The Transition

Hi lovely readers/wordpress galaxy friends,

I am ever so terribly sorry I have kind of abandoned The Insomnia Sessions the past few weeks, but life has caught up with me and I haven’t quite caught up with her yet. I wanted to do something different and write about something that’s very near to my heart yet rather different from my usual topics. I want to talk about my curls. Yup, you read right- don’t worry though, this is not going to be another post about how to make your curls pop or whatever you call it or about styling them. I want to talk to you about the power of self awareness and self appreciation and the journey it has been to decolonise my definitions of beauty.

At this point, some of you might be wondering what colonisation has to do with curls- if anything at all, but bear with me, I promise it will all make sense. I come from the first island to be ‘discovered’ by the Spanish ‘conquistadors’ in the ‘New World’ (all in speech marks because these are all ridiculous claims, mainly made from an Eurocentric point of view). La Hispaniola became the first colony in ‘America’, it became a main port for the trafficking of humans (what they liked to call slaves), and so from the diverse population that now inhabited an island originally inhabited solely by Tainos and other natives, surged a rich and colourful mix-raced people, later called: Dominicans.

I told you the background story so you could grasp what I’m trying to say, I grew up in a country which was exploited for years, and where even centuries after the spanish conquistadors left, racism was well alive, because of the caste system that had been systematically implemented in the Dominican society. All white characteristics and features in women, were seen as ‘delicate’, ‘fair’,’elegant’ and ‘classy’, whilst mixed features were not regarded that fairly and don’t even get me started with black features.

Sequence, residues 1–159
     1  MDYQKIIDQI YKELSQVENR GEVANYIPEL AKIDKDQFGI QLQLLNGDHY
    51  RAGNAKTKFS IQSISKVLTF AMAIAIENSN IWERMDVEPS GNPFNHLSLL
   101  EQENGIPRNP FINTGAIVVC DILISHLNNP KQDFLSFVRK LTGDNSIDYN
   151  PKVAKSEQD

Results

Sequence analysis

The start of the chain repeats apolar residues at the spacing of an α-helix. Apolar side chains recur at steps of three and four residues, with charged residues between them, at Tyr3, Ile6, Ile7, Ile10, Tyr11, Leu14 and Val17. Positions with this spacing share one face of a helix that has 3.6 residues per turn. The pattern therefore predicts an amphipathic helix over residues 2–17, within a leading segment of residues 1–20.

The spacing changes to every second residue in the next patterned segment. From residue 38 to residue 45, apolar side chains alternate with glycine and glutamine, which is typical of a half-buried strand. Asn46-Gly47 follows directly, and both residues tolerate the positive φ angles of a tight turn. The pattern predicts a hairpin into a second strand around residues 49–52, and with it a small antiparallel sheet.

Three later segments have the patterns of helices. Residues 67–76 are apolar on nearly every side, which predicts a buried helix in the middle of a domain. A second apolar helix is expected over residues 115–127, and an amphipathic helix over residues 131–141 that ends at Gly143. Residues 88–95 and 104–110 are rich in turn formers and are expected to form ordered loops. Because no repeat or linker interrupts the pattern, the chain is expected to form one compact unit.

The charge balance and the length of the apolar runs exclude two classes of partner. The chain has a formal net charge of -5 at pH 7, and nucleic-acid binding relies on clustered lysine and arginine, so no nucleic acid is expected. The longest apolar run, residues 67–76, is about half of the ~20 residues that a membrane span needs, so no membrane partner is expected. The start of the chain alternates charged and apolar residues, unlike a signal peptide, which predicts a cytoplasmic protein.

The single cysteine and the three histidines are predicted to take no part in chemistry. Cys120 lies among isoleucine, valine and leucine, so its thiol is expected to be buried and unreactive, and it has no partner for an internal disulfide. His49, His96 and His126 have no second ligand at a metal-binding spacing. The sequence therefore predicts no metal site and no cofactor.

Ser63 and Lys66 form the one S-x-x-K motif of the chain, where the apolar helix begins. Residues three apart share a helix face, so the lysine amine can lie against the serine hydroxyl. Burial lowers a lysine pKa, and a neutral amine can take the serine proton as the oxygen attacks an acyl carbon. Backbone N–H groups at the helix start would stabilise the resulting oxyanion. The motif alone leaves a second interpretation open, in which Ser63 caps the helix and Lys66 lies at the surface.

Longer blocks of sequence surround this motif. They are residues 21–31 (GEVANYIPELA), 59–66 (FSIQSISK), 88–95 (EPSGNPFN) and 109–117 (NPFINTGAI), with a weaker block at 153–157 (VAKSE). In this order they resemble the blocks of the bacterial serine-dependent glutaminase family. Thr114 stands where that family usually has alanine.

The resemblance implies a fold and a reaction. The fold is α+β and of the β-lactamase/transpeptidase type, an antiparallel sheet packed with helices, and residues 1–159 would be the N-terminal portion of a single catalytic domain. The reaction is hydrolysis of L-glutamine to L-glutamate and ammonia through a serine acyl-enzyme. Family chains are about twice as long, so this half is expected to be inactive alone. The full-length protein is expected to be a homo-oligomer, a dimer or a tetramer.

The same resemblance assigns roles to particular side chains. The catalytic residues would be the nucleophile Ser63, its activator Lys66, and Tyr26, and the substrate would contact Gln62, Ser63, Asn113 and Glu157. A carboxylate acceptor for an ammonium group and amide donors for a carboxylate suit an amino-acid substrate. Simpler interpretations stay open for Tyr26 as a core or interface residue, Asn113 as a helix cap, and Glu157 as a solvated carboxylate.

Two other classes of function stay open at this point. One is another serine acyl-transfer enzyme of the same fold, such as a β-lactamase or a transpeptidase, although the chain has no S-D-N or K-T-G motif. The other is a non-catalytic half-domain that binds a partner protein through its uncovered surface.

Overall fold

I am a part South East Asian, part Spanish, part African and I look like a melting pot myself- CURLS included. During my childhood my mum would always celebrate and compliment my long curls and tell me how beautiful I was with my slightly ‘asian’ eyes, freckles, tan skin and wild curly hair, but there was always social pressure ruining all the hard work my mum would do to make me feel beautiful and embrace diversity within myself. People would tell her things like ‘why won’t you comb her hair, she looks like a stray kid’ or ‘you need to chemically straighten her hair, it’s too wild’ and so one day I decided to tame my curls and in a way my wild side. It is 12 years later, now that I am 23, and have lived outside Dominican culture and have studied how harmful colonisation still is to Latin American countries (and all ex colonies really), that I have learnt that I no longer want to be a slave to colonial social norms, I want to be myself and be free from chemicals which hurt the texture of my hair and the very fibre of my identity.

I started the process of detoxifying my hair from chemicals in January when I got the ‘Big Chop’ and it has been a long and crazy process, going from straightening my hair every week to just wearing my curls proudly everywhere I go, defying stereotypes and feeling beautiful without a blowdry- all hard work when you’ve been conditioned to feel ‘ugly’ or not ‘elegant’ enough if you don’t straighten your hair. But what can I say? I’ve been an avid advocate for liberating our curls for 3 years now, and I just made the decision to live what I preach and lead by example and it feels so good. I hope my story will inspire others- after all, hair grows back and these curls are looking better everyday!

 

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Free your curls,

-M.

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